A search of the KEGG Automatic Annotation Server (KAAS) database [30, 31] resulted in 3,811 (31% of total genes) KEGG orthologies (KO) assigned for Penicillium sp. SPG-F1 and 3,847 (31% of total genes) KOs for Penicillium sp. SPG-F15. Most KOs were assigned to metabolic pathways (ko01100), biosynthesis of secondary metabolites (ko01110), and biosynthesis of antibiotics (ko01130) for both isolates. All functional annotations were further analyzed for specific genes involved in carbon and nitrogen linked metabolisms, cellular maintenance, and stress responses.

Phylogenomics

Phylogenomics was used to understand the whole genome placement of both Penicillium sp. SPG-F15 and Penicillium sp. SPG-F1 within the Penicillium clade (Fig. 5a) as our previous identification using 18S rRNA [32] and ITS (data not shown) did not have sufficient resolution for precise identification, which is a known issue for Penicillium [33]. Average Amino acid Identity (AAI) was then compared between both isolates and their closest relative based on Fig. 5. Penicillium sp. SPG-F1 shared a 97.78% similarity with Penicillium solitum and Penicillium sp. SPG-F15 shared a 97.24% similarity with Penicillium camemberti. Based on recent proposed species cut-off of < 99% for fungi [34, 35], we propose the new names Penicillium pacificasedimenti sp. nov. for Penicillium sp. SPG-F1 and Penicillium pacificagyrus sp. nov. for Penicillium sp. SPG-F15.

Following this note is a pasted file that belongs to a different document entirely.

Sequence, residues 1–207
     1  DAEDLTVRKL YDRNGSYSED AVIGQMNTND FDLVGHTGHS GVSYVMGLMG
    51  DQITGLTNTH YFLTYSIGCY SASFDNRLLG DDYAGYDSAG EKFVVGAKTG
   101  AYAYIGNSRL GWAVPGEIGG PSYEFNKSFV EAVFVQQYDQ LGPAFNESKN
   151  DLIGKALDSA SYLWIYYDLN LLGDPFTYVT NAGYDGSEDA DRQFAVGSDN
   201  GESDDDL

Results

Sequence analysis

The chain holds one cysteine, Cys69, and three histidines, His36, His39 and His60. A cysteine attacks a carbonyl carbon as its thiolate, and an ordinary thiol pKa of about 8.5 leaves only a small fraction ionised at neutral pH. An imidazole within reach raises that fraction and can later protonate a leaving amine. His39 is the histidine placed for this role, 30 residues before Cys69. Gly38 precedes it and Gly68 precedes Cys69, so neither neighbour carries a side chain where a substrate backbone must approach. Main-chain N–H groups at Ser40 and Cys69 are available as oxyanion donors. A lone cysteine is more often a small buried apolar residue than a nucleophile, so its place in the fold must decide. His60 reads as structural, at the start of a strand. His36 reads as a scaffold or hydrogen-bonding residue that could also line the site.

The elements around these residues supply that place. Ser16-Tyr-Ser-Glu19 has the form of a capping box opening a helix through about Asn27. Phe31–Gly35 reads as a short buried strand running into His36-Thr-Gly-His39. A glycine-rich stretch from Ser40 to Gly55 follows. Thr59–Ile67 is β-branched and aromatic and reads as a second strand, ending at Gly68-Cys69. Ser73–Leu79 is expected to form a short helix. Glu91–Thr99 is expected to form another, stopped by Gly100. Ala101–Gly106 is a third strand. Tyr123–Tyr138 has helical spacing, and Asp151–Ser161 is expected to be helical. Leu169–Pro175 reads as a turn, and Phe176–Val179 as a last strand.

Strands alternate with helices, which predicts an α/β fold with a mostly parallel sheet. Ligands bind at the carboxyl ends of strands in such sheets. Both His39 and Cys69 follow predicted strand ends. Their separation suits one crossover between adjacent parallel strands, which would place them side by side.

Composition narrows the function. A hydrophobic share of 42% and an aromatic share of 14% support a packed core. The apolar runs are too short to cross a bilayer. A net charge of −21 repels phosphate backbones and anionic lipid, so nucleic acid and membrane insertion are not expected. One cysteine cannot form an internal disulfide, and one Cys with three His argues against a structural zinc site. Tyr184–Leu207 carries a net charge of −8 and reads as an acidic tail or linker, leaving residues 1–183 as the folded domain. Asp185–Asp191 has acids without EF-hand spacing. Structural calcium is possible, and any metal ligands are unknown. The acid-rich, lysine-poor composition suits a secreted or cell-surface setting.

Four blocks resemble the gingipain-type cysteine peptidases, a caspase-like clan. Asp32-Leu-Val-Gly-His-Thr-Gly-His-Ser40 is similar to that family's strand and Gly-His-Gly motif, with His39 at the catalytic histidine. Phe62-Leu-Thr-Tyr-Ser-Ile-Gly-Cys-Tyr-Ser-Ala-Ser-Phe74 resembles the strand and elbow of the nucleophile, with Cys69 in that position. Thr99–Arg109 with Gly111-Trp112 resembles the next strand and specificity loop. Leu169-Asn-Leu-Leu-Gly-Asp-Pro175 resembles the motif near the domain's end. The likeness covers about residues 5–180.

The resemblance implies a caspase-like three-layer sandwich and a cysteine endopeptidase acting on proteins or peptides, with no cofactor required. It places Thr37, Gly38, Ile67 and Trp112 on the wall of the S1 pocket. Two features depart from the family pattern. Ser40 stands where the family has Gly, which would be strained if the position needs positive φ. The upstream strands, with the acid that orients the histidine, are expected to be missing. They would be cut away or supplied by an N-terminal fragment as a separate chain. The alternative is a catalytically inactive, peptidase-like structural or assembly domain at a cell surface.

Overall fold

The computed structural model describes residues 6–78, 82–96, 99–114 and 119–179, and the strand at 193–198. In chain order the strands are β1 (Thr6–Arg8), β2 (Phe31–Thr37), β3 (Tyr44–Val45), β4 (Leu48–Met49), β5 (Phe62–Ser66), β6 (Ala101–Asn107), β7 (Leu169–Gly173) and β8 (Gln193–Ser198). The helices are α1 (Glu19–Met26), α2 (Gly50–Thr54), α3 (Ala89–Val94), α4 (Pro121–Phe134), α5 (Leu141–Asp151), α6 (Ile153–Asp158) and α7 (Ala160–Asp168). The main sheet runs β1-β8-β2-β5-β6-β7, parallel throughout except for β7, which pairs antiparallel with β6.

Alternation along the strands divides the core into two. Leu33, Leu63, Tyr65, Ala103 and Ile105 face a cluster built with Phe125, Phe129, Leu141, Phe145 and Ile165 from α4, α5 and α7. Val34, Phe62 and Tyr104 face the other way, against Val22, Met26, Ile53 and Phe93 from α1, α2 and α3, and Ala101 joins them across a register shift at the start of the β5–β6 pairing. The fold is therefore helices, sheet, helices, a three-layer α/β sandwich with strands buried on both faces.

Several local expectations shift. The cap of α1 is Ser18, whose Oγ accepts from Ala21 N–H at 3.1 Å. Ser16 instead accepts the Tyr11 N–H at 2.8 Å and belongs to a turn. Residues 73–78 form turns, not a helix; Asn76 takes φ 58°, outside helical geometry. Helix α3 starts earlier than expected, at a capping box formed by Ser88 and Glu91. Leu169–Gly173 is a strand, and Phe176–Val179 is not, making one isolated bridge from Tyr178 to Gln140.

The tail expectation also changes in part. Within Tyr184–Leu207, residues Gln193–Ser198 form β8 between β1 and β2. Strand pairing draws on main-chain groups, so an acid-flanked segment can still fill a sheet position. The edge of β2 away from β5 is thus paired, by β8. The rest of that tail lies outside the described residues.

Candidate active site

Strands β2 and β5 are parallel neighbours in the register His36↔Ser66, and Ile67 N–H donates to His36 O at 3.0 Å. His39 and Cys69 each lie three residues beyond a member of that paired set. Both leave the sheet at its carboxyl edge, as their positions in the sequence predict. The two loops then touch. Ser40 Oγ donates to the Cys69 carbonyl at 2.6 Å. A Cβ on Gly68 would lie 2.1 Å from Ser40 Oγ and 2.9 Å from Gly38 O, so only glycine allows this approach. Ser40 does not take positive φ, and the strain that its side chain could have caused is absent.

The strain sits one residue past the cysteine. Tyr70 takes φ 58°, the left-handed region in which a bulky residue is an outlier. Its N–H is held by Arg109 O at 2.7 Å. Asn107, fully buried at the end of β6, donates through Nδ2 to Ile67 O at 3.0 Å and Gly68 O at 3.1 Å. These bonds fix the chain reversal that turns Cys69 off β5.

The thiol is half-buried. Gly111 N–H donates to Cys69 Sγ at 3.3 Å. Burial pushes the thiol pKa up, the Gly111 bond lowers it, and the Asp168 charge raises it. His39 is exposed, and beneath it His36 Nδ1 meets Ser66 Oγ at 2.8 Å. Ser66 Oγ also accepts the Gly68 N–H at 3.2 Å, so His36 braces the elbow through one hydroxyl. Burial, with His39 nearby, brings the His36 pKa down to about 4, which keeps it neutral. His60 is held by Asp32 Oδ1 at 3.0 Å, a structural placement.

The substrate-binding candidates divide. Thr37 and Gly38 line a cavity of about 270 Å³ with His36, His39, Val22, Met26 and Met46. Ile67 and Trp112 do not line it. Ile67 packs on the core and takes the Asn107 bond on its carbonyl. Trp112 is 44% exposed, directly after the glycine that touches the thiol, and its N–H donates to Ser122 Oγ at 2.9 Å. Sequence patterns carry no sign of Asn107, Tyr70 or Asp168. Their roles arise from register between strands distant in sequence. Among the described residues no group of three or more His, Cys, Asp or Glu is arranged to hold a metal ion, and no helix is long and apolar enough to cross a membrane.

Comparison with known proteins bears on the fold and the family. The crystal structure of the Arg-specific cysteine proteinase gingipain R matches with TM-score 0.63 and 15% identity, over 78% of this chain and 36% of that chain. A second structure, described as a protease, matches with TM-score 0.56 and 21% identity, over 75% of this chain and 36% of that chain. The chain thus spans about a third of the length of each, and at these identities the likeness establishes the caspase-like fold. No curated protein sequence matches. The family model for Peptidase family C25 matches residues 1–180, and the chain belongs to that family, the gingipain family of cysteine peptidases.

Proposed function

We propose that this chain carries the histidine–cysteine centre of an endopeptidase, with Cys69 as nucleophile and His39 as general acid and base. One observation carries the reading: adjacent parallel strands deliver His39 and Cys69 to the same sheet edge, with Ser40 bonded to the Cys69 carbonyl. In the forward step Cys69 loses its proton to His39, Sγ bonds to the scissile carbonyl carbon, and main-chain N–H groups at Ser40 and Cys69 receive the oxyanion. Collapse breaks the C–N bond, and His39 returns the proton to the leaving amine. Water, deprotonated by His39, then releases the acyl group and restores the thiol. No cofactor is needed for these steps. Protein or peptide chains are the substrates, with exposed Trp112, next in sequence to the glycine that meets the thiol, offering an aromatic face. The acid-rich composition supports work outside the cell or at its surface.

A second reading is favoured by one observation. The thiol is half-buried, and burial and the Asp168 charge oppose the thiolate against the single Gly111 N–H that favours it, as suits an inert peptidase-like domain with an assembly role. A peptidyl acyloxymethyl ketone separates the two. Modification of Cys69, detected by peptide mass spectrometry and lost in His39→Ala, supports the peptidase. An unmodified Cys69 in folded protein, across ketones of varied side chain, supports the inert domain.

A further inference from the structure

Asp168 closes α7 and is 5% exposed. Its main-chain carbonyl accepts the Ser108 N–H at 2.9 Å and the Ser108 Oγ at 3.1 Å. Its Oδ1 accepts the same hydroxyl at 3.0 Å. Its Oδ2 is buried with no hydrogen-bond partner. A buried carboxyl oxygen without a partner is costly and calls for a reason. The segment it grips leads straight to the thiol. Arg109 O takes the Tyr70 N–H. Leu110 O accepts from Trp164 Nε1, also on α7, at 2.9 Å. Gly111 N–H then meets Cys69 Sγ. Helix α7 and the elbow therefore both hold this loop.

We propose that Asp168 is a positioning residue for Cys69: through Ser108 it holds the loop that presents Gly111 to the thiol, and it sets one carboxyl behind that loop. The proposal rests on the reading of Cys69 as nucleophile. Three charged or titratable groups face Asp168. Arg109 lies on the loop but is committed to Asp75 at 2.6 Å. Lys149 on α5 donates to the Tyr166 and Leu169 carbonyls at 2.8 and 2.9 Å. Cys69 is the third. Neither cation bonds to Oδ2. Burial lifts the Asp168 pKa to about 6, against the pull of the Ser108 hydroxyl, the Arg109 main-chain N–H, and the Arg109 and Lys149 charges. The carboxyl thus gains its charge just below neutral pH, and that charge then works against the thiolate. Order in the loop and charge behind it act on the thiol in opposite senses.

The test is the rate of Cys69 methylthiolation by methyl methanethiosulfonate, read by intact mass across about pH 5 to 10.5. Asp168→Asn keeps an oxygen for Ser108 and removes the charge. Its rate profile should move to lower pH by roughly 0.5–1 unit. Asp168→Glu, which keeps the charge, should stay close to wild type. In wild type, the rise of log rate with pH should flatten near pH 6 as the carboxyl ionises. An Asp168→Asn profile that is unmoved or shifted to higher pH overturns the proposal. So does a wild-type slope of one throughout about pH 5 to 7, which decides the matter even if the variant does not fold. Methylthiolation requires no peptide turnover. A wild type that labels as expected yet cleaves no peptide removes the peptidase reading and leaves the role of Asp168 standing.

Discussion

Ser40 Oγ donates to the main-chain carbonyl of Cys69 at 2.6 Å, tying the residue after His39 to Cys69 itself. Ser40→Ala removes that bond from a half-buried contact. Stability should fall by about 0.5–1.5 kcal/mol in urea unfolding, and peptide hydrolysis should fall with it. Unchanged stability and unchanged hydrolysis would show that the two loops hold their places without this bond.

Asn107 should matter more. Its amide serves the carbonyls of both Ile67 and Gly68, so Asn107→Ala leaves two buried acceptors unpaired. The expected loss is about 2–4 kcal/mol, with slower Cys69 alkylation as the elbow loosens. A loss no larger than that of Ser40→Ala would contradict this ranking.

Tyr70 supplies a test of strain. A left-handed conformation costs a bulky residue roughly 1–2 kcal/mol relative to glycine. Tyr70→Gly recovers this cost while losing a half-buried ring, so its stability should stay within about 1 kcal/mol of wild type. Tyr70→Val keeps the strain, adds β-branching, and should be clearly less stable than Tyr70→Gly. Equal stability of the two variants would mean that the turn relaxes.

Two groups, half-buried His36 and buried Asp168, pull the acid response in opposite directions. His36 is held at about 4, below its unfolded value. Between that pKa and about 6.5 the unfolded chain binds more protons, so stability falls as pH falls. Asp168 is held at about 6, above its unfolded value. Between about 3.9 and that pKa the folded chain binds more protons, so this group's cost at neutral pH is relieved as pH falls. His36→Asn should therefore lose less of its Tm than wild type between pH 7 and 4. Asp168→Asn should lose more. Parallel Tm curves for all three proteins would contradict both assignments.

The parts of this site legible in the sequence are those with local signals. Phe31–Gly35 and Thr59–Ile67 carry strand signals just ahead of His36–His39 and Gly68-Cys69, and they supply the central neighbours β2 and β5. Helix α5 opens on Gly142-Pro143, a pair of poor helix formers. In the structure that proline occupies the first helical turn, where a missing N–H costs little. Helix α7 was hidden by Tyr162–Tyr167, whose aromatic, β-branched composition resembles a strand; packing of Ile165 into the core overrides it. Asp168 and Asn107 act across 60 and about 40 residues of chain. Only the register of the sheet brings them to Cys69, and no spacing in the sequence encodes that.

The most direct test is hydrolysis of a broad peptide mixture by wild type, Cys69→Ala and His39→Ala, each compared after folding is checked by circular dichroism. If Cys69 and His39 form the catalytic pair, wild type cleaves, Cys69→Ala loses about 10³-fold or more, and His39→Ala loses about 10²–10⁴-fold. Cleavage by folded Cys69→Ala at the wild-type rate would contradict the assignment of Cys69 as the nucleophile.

Fig. 5
figure 5

Pangenomic analysis. A Whole genome phylogenetic analysis of P. pacificasedimenti and P. pacificagyrus conducted using concatenated single-copy marker genes determined by GET_HOMOLOGUES [36] which used the OrthoMCL algorithm. The tree was estimated using maximum likelihood analysis and 1,000 bootstraps in IQ-TREE [37]. Bootstrap support values are shown at each node. The best-fit model chosen by ModelFinder [38] was GTR2 + FO + ASC + G4. The tree was re-rooted with Aspergillus species as the outgroup and visualized with iTOL [39]. B Venn diagram generated with OrthoVenn2 [40] showing the number of shared and unique protein clusters between our isolates and their closest relative. C Summary of the number of proteins, protein clusters, and single proteins within each genome